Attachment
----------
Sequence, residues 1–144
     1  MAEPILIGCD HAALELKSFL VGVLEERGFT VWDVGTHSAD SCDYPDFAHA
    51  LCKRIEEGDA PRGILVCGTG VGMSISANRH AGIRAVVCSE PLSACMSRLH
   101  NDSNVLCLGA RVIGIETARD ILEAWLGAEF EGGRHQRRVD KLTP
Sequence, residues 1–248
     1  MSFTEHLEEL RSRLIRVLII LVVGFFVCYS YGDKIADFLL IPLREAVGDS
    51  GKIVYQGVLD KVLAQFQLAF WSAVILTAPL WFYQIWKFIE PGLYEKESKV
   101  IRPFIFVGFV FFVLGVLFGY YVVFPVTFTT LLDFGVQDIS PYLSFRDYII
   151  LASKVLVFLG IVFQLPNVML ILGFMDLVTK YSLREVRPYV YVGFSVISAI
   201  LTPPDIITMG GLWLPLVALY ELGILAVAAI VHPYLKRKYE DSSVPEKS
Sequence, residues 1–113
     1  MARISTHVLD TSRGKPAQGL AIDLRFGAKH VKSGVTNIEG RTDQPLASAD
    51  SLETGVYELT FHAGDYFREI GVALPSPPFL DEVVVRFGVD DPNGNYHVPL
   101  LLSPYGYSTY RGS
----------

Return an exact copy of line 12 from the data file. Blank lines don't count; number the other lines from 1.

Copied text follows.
     1  MARISTHVLD TSRGKPAQGL AIDLRFGAKH VKSGVTNIEG RTDQPLASAD